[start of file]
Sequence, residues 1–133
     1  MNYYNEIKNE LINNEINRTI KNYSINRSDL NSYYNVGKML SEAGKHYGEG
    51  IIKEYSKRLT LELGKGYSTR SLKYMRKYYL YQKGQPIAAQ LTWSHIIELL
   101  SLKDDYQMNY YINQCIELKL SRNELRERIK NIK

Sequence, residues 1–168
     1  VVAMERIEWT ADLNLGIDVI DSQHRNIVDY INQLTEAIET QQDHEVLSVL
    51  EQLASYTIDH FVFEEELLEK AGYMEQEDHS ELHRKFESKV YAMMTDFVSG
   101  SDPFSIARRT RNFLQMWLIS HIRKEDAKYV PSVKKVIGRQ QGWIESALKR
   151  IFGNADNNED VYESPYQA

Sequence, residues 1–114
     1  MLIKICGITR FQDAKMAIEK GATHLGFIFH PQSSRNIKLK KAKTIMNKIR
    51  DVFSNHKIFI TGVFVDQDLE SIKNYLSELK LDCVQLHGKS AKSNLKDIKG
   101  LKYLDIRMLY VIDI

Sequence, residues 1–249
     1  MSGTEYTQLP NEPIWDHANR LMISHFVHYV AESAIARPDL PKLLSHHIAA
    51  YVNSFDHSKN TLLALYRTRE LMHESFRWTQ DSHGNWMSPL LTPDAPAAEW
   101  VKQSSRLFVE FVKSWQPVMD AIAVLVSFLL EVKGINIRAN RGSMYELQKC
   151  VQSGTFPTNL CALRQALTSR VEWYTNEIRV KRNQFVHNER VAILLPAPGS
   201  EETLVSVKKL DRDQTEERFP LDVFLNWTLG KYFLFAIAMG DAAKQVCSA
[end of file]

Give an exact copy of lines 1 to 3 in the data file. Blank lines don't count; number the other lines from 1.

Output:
Sequence, residues 1–133
     1  MNYYNEIKNE LINNEINRTI KNYSINRSDL NSYYNVGKML SEAGKHYGEG
    51  IIKEYSKRLT LELGKGYSTR SLKYMRKYYL YQKGQPIAAQ LTWSHIIELL